Rural Communities in Ireland are particularly vulnerable to changes resulting from volatility in global markets and other events over which they don’t always have control. The impact on rural communities effects all.

Communities often respond reactively to such uncertainty, resulting in inbalance. Younger people tend to migrate to either urban centres for education or employment or as is happening presently, they are emigrating further afield. These leaves communities a smaller number of younger people and consequently more older people, who as they get older will be more dependent on services. However with fewer people of working age, there is less money coming into the local economy and this reduces the demand for services such as shops, pubs, schools and post-offices. As these services start to decline, economic activity spirals into further decline.

A political response has often been to inject money into these areas via grants or by attracting industry or small businesses, but as rural spiral into decline, they become less attractive to investment. Periods of economic prosperity have in the past given an impression that rural communities are bouncing back, but these periods have caused further imbalance. The attraction of the countryside as a better place to live in has often resulted in an “urbanisation” of rural areas, as people commute back to the towns and cities to work, shop and even attend school.

But communities around the world are adapting a more proactive approach:

A resilience approach is one where people in a community take intentional action to enhance the personal and collective capacity  of the people within that community to respond to and influence the course of social and economic change.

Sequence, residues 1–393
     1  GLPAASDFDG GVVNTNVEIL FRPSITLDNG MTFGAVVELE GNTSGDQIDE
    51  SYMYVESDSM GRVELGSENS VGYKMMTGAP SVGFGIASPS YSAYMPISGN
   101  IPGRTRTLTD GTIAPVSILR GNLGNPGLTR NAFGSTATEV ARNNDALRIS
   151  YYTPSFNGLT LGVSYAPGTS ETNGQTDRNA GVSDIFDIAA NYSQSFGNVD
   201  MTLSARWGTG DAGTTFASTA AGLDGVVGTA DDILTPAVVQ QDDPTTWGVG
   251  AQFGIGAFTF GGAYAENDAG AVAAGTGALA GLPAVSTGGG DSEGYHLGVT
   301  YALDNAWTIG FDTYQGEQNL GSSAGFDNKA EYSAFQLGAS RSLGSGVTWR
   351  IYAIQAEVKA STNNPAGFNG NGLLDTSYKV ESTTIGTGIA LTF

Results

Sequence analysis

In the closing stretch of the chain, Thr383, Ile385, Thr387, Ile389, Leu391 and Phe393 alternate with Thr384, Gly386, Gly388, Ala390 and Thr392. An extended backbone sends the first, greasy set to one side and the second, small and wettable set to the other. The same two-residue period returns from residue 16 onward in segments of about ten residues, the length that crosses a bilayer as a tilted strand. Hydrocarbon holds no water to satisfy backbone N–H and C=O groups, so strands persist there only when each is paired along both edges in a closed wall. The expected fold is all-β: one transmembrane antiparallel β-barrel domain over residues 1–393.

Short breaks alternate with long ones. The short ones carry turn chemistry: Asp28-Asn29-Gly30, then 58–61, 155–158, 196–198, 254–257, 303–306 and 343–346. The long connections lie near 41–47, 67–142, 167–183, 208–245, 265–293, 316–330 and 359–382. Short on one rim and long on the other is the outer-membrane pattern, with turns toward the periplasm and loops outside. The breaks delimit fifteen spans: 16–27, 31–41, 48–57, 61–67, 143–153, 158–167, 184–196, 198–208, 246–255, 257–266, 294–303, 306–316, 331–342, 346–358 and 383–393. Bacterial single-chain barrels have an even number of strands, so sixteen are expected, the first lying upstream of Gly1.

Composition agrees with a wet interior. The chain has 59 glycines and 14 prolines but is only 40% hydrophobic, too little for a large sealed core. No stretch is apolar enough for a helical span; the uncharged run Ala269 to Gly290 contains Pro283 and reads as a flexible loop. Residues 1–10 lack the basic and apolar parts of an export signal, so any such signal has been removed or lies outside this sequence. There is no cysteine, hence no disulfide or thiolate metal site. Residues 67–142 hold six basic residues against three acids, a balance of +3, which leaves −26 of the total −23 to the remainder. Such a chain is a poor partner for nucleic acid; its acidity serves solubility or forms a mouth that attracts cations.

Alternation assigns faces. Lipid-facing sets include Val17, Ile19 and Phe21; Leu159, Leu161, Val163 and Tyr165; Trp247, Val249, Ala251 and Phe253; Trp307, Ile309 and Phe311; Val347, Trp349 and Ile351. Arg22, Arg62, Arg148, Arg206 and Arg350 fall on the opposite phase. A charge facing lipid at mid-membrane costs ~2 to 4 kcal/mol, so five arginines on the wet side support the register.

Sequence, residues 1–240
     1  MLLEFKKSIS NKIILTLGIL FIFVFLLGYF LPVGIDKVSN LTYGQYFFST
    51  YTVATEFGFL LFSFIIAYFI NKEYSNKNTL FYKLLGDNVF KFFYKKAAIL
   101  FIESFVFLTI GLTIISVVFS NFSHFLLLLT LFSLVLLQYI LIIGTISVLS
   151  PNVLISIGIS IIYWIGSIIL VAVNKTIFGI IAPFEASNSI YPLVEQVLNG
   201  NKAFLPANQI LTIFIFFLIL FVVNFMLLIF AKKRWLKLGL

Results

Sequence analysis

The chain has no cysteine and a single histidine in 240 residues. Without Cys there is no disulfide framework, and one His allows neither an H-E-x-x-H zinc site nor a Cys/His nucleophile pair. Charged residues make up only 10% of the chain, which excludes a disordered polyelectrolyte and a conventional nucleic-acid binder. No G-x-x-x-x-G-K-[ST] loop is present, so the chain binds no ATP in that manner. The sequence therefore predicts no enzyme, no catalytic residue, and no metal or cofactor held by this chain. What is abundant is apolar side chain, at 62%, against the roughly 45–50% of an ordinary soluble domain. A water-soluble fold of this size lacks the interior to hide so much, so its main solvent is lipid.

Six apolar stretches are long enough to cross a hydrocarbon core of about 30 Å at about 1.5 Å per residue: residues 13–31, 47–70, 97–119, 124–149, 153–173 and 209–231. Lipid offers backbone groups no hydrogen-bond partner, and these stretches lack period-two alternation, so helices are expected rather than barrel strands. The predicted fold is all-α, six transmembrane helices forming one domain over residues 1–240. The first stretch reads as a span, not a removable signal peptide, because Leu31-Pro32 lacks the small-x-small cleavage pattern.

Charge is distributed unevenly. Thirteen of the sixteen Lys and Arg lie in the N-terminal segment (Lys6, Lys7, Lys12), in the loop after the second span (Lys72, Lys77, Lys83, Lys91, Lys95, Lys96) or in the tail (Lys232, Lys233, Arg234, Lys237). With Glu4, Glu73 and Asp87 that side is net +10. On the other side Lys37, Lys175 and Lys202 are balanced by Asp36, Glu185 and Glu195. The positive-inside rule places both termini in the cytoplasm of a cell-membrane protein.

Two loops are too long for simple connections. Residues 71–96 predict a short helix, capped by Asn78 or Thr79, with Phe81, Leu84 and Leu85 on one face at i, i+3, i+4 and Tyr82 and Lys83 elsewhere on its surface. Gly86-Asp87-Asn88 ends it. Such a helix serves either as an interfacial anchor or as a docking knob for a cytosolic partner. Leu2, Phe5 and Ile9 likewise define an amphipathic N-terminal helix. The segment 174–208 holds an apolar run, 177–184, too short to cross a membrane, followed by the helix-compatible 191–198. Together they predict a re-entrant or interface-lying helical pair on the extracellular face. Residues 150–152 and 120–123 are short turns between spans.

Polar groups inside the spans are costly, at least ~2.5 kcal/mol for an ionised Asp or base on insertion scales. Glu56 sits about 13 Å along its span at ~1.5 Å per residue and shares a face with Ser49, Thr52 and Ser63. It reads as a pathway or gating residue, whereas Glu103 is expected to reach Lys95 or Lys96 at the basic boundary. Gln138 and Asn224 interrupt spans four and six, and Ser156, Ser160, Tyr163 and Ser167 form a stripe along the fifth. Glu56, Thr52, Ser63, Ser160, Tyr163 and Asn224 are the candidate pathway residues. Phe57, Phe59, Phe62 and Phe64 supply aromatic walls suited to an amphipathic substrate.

There are different definitions of “Resilience but in general it relates to “Social” and “Ecological” systems. Many rural areas still maintain high levels of resilience. The term community resilience is often used in relation to the scenario of “Peak Oil” but a community that is resilient is often as well equipped to deal with various scenarios, Hurricanes, Earthquakes and Economic Collapse.

New Paradigms have adapted an approach used in Canada that involves the whole community community coming together to increase their collective resilience.

This approach uses research to assess the level of resilience that already exists within a community to create a community potrait, This potrait then informs decisions that the community can take to increase resilience.

The research looks at some of the key functions of a local economy:

  • Human Resources
  • Equity
  • Infrastructure
  • Credit
  • Research, Planning & Advocacy

If you want to find out more about what is resilience, New Paradigms are available to come to your community to give a two hour presentation on the benefits of adapting a resilience approach.


For More Information, please visit the Following

Stockholm Resilience Centre

Download Community Resilience Manual here

Video from Stockholm Resilience Centre
From Stockholm Resilience Centre
From CAT, Wales
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